And his deadly wound was healed - That is, as explained above, the waning Roman secular power was restored by its connection with the spiritual power - the papacy. This was:

(a) a simple matter of fact, that the waning secular power of Rome was thus restored by connecting itself with the spiritual or ecclesiastical power, thus prolonging what might properly be called the Roman domination far beyond what it would otherwise have been; and,

(b) this would be properly represented by just the symbol employed here - the fatal wound inflicted on the head, and the healing of that wound, or preventing what would naturally be the effects. On the fulfillment of this, see the notes on Revelation 13:15, at the close.

And all the world wondered after the beast - The word used here - θαυμαζω thaumazō - means, properly, to be astonished; to be amazed; then to wonder at; then to admire and follow (Robinson, Lexicon). In Revelation 13:4, it is said that the world "worshipped" the beast; and the general idea is, that the beast received such universal reverence, or inspired such universal awe, as to be properly called worship or adoration. There can be no doubt of the propriety of this, considered as applicable to that secular Roman power which sustained the papacy. The homage was as wide as the limits of the Roman empire had ever been, and might be said to embrace "all the world."

3. One of—literally, "from among."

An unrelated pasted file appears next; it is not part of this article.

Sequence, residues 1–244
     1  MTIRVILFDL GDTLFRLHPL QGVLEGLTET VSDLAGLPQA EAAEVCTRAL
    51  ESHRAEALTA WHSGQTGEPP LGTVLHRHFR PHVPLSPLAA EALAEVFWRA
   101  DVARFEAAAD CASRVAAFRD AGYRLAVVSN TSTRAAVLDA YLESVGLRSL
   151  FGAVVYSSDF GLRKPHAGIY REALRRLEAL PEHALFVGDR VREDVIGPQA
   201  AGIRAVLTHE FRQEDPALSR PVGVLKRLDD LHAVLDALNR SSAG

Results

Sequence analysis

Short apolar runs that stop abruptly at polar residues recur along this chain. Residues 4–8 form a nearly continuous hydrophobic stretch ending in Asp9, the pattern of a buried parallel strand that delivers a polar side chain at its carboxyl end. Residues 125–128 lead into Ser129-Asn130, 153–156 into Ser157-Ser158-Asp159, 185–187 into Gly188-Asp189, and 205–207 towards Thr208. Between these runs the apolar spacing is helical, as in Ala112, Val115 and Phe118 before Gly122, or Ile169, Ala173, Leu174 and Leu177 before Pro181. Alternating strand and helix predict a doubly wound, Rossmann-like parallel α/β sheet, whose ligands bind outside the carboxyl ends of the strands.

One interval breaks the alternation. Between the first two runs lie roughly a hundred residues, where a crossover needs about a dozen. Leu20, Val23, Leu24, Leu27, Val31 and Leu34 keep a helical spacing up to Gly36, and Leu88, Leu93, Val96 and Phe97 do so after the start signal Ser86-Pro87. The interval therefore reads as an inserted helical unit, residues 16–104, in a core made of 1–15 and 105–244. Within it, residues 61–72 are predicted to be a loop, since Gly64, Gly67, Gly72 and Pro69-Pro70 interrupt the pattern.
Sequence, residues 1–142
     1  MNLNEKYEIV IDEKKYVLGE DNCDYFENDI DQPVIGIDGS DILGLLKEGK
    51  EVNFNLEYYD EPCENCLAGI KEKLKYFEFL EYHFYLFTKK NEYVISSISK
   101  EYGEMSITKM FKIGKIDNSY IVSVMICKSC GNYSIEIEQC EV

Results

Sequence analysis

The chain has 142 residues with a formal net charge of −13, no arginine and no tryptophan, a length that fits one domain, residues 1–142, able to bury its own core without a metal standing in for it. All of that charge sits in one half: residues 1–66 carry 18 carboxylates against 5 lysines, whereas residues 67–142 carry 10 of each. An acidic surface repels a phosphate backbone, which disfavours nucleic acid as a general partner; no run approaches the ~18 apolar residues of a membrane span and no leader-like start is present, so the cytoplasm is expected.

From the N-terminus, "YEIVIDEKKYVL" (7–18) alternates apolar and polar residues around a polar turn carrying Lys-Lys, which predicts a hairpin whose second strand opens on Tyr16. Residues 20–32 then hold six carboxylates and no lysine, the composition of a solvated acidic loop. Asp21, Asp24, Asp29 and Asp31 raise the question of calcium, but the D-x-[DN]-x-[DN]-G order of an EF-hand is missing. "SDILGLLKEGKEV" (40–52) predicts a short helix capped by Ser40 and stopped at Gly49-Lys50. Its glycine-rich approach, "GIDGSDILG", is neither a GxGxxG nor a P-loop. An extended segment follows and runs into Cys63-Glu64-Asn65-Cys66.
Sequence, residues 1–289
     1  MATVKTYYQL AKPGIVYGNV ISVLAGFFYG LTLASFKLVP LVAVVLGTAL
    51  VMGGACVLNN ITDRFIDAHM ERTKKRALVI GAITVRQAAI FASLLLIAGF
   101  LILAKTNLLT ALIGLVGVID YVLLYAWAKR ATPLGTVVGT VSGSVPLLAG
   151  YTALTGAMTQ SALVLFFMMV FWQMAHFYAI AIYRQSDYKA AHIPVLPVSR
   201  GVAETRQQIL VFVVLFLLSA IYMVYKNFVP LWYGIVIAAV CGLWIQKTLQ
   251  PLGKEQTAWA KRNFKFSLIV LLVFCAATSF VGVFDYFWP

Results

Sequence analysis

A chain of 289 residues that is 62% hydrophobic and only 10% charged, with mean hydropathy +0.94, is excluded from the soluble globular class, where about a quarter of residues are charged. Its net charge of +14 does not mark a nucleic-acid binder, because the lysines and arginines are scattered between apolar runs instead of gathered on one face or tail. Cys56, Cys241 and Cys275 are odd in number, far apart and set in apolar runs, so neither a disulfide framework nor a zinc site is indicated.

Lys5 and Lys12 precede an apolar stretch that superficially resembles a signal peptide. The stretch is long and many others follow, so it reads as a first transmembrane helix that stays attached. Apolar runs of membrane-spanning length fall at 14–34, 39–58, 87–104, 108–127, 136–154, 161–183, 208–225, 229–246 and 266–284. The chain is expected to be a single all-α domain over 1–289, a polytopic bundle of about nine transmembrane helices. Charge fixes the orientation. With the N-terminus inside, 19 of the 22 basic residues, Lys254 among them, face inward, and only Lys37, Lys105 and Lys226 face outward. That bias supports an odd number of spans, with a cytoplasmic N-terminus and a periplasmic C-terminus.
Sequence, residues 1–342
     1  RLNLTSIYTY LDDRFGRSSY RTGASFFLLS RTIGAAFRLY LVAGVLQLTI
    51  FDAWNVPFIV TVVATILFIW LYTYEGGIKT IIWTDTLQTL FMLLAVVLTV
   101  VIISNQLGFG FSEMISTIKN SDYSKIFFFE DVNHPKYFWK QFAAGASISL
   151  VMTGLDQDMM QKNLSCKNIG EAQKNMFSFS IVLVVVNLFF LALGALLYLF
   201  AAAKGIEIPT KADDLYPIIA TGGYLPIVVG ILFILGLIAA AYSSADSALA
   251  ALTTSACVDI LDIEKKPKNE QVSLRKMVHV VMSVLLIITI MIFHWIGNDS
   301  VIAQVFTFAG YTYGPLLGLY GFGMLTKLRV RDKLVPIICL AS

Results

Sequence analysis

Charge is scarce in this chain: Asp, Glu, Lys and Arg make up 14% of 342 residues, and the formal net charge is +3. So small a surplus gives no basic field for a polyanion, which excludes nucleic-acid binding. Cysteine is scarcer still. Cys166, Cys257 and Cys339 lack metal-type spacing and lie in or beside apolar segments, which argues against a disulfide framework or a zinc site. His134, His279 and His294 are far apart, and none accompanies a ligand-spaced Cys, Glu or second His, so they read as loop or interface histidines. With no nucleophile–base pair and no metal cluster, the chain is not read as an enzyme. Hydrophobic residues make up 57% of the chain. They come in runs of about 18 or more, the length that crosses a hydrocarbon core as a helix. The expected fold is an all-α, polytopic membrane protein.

wounded … healed—twice again repeated emphatically (Re 13:12, 14); compare Re 17:8, 11, "the beast that was, and is not, and shall ascend out of the bottomless pit" (compare Re 13:11); the Germanic empire, the seventh head (revived in the eighth), as yet future in John's time (Re 17:10). Contrast the change whereby Nebuchadnezzar, being humbled from his self-deifying pride, was converted from his beast-like form and character to MAN'S form and true position towards God; symbolized by his eagle wings being plucked, and himself made to stand upon his feet as a man (Da 7:4). Here, on the contrary, the beast's head is not changed into a human head, but receives a deadly wound, that is, the world kingdom which this head represents does not truly turn to God, but for a time its God-opposed character remains paralyzed ("as it were slain"; the very words marking the beast's outward resemblance to the Lamb, "as it were slain," see on [2720]Re 5:6. Compare also the second beast's resemblance to the Lamb, Re 13:11). Though seemingly slain (Greek for "wounded"), it remains the beast still, to rise again in another form (Re 13:11). The first six heads were heathenish, Egypt, Assyria, Babylon, Persia, Greece, Rome; the new seventh world power (the pagan German hordes pouring down on Christianized Rome), whereby Satan had hoped to stifle Christianity (Re 11:15, 16), became itself Christianized (answering to the beast's, as it were, deadly wound: it was slain, and it is not, Re 17:11). Its ascent out of the bottomless pit answers to the healing of its deadly wound (Re 17:8). No essential change is noticed in Daniel as effected by Christianity upon the fourth kingdom; it remains essentially God-opposed to the last. The beast, healed of its temporary and external wound, now returns, not only from the sea, but from the bottomless pit, whence it draws new Antichristian strength of hell (Re 13:3, 11, 12, 14; Re 11:7; 17:8). Compare the seven evil spirits taken into the temporarily dispossessed, and the last state worse than the first, Mt 12:43-45. A new and worse heathenism breaks in upon the Christianized world, more devilish than the old one of the first heads of the beast. The latter was an apostasy only from the general revelation of God in nature and conscience; but this new one is from God's revelation of love in His Son. It culminates in Antichrist, the man of sin, the son of perdition (compare Re 17:11); 2Th 2:3; compare 2Ti 3:1-4, the very characteristics of old heathenism (Ro 1:29-32) [Auberlen]. More than one wound seems to me to be meant, for example, that under Constantine (when the pagan worship of the emperor's image gave way to Christianity), followed by the healing, when image worship and the other papal errors were introduced into the Church; again, that at the Reformation, followed by the lethargic form of godliness without the power, and about to end in the last great apostasy, which I identify with the second beast (Re 13:11), Antichrist, the same seventh world power in another form.